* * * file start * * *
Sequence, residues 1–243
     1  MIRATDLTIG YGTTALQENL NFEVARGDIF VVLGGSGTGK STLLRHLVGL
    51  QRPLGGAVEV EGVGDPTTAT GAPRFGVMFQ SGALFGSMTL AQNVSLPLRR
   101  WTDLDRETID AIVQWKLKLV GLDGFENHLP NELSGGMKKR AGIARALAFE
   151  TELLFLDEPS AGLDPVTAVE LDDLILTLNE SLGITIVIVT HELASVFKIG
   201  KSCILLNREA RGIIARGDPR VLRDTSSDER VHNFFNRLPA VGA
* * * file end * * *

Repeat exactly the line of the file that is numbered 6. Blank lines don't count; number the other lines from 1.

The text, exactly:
   201  KSCILLNREA RGIIARGDPR VLRDTSSDER VHNFFNRLPA VGA